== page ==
Are Private Prison Companies Using Forced Labor?
By Josh Eidelson
On Nov. 15 the 10th Circuit Court of Appeals in Denver will hear arguments in a case that could change the future of the $5 billion private prison industry. Judges will decide whether a district court was correct in February when it certified a class action on behalf of around 60,000 current and former detainees who are suing Geo Group Inc., one of the largest U.S. private prison companies, for allegedly violating federal anti-trafficking laws by coercing them to work for free under threat of solitary confinement.
The case was first filed in 2014 by a group of immigrants who had been detained at an Immigration and Customs Enforcement facility run by Geo in Aurora, Colo. Their key claim rests on the assertion that Geo violated the Trafficking Victims Protection Act, a law designed to stop human trafficking—a scourge many associate with sexual exploitation by gangs, not with government contractors’ treatment of detained immigrants. Their lawsuit argues that Geo violated the law’s prohibition on using threats to obtain labor.
“It would be forced labor for someone to say, ‘We’ll arrest you for not working for me,’ ” says David Seligman, who represents the plaintiffs. “It’s similarly forced labor to say, ‘We’re going to remove you from all contact with other people.’ ” The lawsuit also argues that Geo, through an optional work program that pays $1 a day, violated common law against “unjust enrichment,” since extensive use of low-paid detainee labor has saved the company money; it employs only one janitor in Aurora who isn’t in custody, the plaintiffs say.
“There is, almost by definition, a focus on maximizing profits and shareholder value ”
Geo says the case lacks merit and that it’s being scapegoated over what’s really a public-policy dispute. “Geo’s status as a government contractor puts it in the position of having to answer for what are essentially grievances against congressional and DHS/ICE policies,” the company said in a March court filing. In a 2015 motion, Geo said the trafficking claim was “absurd,” because the anti-trafficking law wasn’t meant to apply to “federal detainees who are lawfully kept in the custody” of the government. In its motion for an appeal, Geo wrote that the class certification “poses a potentially catastrophic risk to Geo’s ability to honor its contracts with the federal government.”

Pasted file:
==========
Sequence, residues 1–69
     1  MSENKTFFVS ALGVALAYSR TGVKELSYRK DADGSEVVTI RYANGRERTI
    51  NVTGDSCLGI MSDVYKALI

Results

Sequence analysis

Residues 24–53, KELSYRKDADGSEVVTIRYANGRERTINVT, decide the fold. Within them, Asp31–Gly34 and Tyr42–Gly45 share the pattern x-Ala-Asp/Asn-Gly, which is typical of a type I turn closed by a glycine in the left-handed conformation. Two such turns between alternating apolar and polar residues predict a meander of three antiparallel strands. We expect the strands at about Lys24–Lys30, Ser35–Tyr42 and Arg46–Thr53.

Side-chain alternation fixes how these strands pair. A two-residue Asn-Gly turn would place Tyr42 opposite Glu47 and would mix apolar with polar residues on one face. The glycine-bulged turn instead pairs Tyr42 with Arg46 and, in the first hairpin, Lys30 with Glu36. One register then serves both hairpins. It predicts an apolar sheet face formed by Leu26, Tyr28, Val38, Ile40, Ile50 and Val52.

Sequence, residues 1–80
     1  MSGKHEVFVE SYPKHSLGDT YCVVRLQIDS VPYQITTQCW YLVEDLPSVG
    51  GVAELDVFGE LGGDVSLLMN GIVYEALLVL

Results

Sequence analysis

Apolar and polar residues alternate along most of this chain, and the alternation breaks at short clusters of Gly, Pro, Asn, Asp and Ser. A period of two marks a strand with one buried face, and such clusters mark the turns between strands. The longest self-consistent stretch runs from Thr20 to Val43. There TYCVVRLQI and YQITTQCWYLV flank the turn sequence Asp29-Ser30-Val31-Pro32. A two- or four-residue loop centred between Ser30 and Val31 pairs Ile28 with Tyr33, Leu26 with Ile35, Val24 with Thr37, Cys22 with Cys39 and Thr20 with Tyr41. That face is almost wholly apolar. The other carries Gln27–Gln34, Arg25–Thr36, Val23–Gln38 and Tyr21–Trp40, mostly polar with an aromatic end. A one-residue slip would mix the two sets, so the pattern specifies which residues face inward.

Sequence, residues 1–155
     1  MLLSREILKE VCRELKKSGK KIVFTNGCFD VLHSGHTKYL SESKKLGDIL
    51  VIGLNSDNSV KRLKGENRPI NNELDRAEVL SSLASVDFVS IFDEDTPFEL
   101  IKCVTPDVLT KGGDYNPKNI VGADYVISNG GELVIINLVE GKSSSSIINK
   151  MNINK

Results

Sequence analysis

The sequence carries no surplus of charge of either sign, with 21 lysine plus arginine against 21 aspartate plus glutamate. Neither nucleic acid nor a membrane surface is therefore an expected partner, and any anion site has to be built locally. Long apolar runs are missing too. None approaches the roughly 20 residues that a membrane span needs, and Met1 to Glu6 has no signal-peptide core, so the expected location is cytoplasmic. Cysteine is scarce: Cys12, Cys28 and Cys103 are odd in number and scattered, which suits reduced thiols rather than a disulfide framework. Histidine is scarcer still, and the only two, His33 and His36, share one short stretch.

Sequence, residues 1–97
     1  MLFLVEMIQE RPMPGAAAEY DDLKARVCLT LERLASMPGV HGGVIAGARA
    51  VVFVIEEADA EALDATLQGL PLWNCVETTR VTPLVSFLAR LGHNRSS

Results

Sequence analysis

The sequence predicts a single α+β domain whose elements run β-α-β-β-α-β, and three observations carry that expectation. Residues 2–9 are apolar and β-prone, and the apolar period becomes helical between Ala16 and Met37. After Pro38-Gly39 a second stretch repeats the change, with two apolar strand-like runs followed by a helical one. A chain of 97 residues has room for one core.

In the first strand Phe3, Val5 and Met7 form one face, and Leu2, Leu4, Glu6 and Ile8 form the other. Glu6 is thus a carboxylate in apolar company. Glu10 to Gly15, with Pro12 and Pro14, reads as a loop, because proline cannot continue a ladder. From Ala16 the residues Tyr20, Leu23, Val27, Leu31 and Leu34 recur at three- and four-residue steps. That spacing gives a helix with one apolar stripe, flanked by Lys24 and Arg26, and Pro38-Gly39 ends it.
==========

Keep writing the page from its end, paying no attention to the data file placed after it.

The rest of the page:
The lawsuit is one front in a long-running battle over the existence of private prisons. Critics say letting companies run detention centers and prisons reduces accountability for potential abuses and that the profit motive encourages excessive cost-cutting. “There is, almost by definition, a focus on maximizing profits and shareholder value at any publicly held private business,” says David Lopez, who served as general counsel of the Equal Employment Opportunity Commission under President Obama and will argue for the plaintiffs before the 10th Circuit. “I don’t think the private prison industry really is different—it’s just its product is different.”
Conservatives say private companies outperform the government. “There’s certainly no way having the highly problematic ICE come in and take over management of these facilities is going to improve conditions, because the ones they already run are terrible,” says Adrian Moore, vice president of the libertarian Reason Foundation.
In August 2016, President Obama’s Department of Justice said it would phase out its use of privately run federal prisons. The next day, a Geo subsidiary donated $100,000 to a super PAC supporting Donald Trump. This year Trump reversed Obama’s private prison policy and awarded his administration’s first detention center contract to Geo. The company’s stock price has risen about 70 percent since Trump’s election. If the case proceeds as a class action, it will threaten other private prison companies that use inmate labor. “This case is what we call a business model case,” says Brandt Milstein, who represents the plaintiffs. “Another way to say that would be an ‘existential threat.’ ”
BOTTOM LINE - Private prison companies have flourished under President Trump, but a class action could undermine their access to cheap labor provided by detainees.